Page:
Ministers are looking at strengthening security laws after a report by MPs said the UK had “badly underestimated” the threat of foreign interference, including subversion by Russia.
A new law requiring foreign agents to register in the UK is believed to be under consideration by No 10.
But the BBC’s Chris Mason said there were currently “no firm proposals”.
It comes as Labour criticised “systemic failings” in how the UK has dealt with Russia and other “hostile states”.
As the government prepares to face questions in the Commons later, shadow home secretary Nick Thomas-Symonds said Russia’s “growing threat” could not be ignored.
He added the government had failed to offer the UK’s security services “the strategic support, the legislative tools or the resources necessary” to defend the country’s interests.
Foreign Secretary Dominic Raab said on Tuesday: “We’ve been clear that Russia must desist from its attacks on the UK and our allies.
“We will be resolute in defending our country, our democracy and our values from such hostile state activity.”
The government faces calls to do far more to counter Russian espionage and subversion after Parliament’s Intelligence and Security Committee said the UK was the main target after the US and Nato.
In a 50-page report, the committee said the UK was “clearly a target” for disinformation campaigns around its elections, but that the issue was described as a “hot potato”, with no one organisation taking a lead to tackle it.
The new law under consideration could mirror the new “Espionage Act” suggested by the committee, which would make it explicitly illegal to be a spy in the UK, BBC political correspondent Chris Mason reported.
Such an Act would compel those who represent the interests of foreign powers to register on arrival in the UK. Those who did not – and so operated covertly – would be breaking the law.
A report in the Times newspaper said any new legislation would aim to make the UK a “harder environment for adversaries to operate in” and could be modelled on similar laws in the US and Australia.
If you do not seek, you do not find.
Whether deliberate or deficient, the Intelligence and Security Committee’s very long-awaited report outlines gaping holes in the UK’s handling of the threat from Russia.
For years, it seems a lack of priority, and a lack of curiosity, allowed the risks to go unmonitored, if not to go unchecked.
The UK government has now stiffened its attitude to Putin’s Russia.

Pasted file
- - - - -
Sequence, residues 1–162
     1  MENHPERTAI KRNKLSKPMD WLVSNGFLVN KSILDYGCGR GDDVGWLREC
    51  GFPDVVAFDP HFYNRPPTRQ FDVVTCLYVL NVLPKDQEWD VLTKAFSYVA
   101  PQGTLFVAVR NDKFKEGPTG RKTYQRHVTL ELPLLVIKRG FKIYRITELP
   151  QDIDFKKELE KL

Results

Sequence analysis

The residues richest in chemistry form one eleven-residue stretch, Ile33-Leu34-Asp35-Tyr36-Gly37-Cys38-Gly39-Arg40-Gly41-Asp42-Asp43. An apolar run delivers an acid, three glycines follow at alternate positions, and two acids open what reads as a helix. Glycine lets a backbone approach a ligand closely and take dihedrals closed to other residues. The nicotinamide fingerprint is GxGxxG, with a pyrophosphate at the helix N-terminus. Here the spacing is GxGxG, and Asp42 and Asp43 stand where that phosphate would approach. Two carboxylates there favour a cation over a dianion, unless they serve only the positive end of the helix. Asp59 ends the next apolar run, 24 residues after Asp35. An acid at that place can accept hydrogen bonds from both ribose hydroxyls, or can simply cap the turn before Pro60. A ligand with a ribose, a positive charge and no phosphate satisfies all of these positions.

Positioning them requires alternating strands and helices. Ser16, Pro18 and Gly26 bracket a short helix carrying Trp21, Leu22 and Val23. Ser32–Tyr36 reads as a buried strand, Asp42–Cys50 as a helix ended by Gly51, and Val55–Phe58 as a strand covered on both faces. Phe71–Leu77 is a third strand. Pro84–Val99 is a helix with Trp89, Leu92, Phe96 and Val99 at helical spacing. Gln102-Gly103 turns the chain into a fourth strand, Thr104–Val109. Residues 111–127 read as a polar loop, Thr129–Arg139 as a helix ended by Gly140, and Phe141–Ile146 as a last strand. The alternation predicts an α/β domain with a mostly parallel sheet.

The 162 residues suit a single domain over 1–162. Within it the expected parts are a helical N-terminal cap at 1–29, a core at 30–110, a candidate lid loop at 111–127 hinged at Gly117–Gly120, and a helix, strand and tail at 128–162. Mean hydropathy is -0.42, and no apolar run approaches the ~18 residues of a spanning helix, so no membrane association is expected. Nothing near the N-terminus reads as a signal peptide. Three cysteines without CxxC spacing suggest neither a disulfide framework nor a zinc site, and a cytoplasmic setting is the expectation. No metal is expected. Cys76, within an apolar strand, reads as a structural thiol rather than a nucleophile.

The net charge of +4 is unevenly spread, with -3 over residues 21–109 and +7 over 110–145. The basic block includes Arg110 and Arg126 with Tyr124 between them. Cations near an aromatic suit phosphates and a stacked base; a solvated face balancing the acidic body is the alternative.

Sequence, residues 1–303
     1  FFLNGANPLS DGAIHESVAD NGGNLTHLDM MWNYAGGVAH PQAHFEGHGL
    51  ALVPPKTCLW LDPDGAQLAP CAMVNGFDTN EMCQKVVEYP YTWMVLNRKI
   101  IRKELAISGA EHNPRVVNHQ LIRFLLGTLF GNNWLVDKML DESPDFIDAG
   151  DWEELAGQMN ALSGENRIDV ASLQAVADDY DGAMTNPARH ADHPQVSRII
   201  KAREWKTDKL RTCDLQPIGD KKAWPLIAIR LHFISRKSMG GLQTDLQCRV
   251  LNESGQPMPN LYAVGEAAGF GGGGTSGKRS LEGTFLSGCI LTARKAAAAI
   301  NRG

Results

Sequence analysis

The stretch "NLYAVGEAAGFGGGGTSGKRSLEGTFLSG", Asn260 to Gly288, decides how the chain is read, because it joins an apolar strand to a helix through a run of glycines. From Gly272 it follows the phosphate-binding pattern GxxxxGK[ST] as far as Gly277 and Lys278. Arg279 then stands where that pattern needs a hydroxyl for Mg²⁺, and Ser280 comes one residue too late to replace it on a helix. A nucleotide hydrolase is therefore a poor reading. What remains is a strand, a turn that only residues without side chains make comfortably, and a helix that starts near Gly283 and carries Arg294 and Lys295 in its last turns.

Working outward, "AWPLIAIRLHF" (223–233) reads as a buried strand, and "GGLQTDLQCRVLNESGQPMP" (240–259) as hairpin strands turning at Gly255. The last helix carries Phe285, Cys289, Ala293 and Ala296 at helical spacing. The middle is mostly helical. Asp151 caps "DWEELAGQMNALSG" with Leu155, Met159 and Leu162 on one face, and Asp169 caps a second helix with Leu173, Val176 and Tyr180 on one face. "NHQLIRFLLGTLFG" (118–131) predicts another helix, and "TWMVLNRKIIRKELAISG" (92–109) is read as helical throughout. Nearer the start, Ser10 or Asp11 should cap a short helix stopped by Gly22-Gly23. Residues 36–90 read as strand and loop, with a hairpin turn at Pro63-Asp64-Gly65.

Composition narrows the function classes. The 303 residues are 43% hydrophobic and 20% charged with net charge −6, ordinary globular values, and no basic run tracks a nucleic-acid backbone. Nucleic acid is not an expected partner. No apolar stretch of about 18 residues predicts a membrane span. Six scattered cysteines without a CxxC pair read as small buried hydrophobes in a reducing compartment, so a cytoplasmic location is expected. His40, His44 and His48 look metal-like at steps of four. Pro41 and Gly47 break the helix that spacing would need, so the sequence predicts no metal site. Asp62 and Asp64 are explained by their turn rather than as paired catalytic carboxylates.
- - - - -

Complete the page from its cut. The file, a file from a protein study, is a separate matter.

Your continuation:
The MPs’ report claimed the government made no effort to investigate claims of Russian interference in the EU referendum and criticised intelligence agencies for not giving the issue more attention.
And it said the government only “belatedly realised the level of threat which Russia could pose” after the so-called “hack and leak” operation against the Democrats in the 2016 US election, calling it a “game changer”.
‘Tools and resources’
Labour will later use an Urgent Question in Parliament to highlight what it says are multiple “shortcomings” in the UK’s national security policy shown up by the report.
Mr Thomas-Symonds said: “On every level the government’s response does not appear to be equal to the threat.
“The UK has world leading security services, yet this report makes clear they have not received the strategic support, the legislative tools or the resources necessary to defend our interests.
“The government need to urgently outline how they will address these systemic failings.”
Amid growing tensions with China, he said the report “should also sound alarm bells ringing that other countries that wish the UK harm are undertaking similar activities and are not facing a sufficiently robust response”.
The government has rejected the committee’s call for a full assessment by intelligence agencies of potential Russian meddling in the 2016 EU referendum, saying it had “seen no evidence of successful interference”.
Mr Raab “categorically rejected” claims by SNP MP Stewart Hosie, a member of the ISC, that the government “actively avoided” looking for evidence of Russian interference.
Downing Street was accused of holding back the report ahead of December’s UK election and for delaying its nominations to set up the new committee – both claims it has denied.
The Russian Foreign Ministry called the report “Russophobia”.